Leaving Planet Earth
4 stars ****
Edinburgh International Climbing Arena, Ratho.
THEY’VE BEEN pioneers of site-specific theatre since 1996; but in all those 17 years, the acclaimed Grid Iron of Edinburgh can never have worked in a space so strange, so vast, and so awe-inspiring as the huge Edinburgh International Climbing Arena at Ratho. By the time we arrive from the city centre, we’ve already learned that in this fictional world – created by young writer-directors Lewis Hetherington and Catrin Evans, with light by Paul Claydon and sound by Philip Pinsky – we are among the last groups of migrants leaving an Old Earth fast becoming uninhabitable through climate change and social meltdown. And as we sweep towards the vast complex, it’s easy to believe that we’re now passing through a Star-Trek type instant transportation to New Earth, the twin planet that offers humankind a chance of survival; and entering the giant dome in which we will live, until we become acclimatised.
So for two hours, once inside, each of three groups, identified by different-coloured flashing wristbands, passes in a slightly different order through a series of induction sessions; and as we go, we begin to glimpse the lives of the people in charge, from the shimmering but vulnerable leader Vela – magnificently played by Lucianne McEvoy – to Finlay Welsh as elderly John, who looks after the planet’s malfunctioning Old Earth Museum, and young Emilia, played by Molly Taylor, whose description of her husband’s growing withdrawal first alerts us to the sacrifice ruthlessly required of migrants, if the “pull” of old earth becomes too great.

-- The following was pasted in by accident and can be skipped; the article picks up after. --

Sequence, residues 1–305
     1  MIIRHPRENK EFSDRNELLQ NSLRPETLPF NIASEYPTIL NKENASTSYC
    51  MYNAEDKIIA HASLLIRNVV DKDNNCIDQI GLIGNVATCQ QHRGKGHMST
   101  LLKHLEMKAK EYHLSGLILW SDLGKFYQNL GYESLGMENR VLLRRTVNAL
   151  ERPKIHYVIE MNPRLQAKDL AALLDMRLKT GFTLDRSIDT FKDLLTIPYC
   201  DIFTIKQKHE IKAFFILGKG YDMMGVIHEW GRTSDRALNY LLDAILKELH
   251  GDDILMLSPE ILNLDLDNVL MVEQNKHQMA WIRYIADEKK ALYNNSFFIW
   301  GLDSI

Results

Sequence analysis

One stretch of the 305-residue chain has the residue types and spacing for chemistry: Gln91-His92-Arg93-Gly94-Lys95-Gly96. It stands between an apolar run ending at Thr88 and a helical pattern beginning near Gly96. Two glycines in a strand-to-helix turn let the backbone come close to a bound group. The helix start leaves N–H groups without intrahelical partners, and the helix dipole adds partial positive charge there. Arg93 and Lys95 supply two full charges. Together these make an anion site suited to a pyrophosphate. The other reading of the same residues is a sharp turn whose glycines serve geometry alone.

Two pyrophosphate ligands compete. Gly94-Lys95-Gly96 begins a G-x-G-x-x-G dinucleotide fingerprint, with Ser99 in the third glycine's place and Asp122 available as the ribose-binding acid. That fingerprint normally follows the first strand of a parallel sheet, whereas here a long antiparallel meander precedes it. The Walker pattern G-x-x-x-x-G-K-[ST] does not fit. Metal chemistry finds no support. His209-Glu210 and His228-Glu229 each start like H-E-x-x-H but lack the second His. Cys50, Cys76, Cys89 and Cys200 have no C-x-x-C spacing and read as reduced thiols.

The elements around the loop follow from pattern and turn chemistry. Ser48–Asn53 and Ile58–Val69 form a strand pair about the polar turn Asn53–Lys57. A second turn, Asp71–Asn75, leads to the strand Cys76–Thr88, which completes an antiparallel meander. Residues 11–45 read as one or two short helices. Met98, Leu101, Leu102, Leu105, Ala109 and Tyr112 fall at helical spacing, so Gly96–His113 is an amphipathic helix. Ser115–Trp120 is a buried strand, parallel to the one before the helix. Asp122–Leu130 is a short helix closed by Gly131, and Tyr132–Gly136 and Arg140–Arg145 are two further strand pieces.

If some elements of this Brave New World scenario are familiar, though, the quality of the writing, acting and direction is often superb, perfectly pitched to the huge spaces through which it must move. What’s striking, in the end, is just how credible and almost familiar this New Earth seems, particularly in its strange corporate management-speak that constantly talks of openness, while forbidding any actual freedom of action or thought; and how, by moving us straight to an imagined next phase of human history, the show offers us an extraordinarily wide and passionate perspective on the story of human life on earth, even as we risk destroying it. The task of producing a completely untested original theatre piece for the Edinburgh Festival is a notoriously difficult one; but this time, Grid Iron have created a beautiful, eloquent and technically stunning show, that offers a unique and spectacular future perspective on the most challenging crisis of our time.
Until 24 August
EIF p. 25.